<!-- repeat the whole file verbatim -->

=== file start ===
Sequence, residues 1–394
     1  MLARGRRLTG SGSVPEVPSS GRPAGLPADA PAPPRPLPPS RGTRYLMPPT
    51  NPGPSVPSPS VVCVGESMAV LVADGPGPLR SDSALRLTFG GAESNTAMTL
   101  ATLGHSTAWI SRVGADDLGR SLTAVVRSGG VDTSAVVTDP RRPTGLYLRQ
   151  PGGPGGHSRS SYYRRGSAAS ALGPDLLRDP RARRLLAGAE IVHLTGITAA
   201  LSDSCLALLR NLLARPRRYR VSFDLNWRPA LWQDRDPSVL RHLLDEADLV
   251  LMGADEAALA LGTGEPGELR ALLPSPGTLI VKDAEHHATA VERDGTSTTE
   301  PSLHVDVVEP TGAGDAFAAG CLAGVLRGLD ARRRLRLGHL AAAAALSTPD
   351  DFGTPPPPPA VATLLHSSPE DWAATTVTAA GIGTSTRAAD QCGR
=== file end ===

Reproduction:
Sequence, residues 1–394
     1  MLARGRRLTG SGSVPEVPSS GRPAGLPADA PAPPRPLPPS RGTRYLMPPT
    51  NPGPSVPSPS VVCVGESMAV LVADGPGPLR SDSALRLTFG GAESNTAMTL
   101  ATLGHSTAWI SRVGADDLGR SLTAVVRSGG VDTSAVVTDP RRPTGLYLRQ
   151  PGGPGGHSRS SYYRRGSAAS ALGPDLLRDP RARRLLAGAE IVHLTGITAA
   201  LSDSCLALLR NLLARPRRYR VSFDLNWRPA LWQDRDPSVL RHLLDEADLV
   251  LMGADEAALA LGTGEPGELR ALLPSPGTLI VKDAEHHATA VERDGTSTTE
   301  PSLHVDVVEP TGAGDAFAAG CLAGVLRGLD ARRRLRLGHL AAAAALSTPD
   351  DFGTPPPPPA VATLLHSSPE DWAATTVTAA GIGTSTRAAD QCGR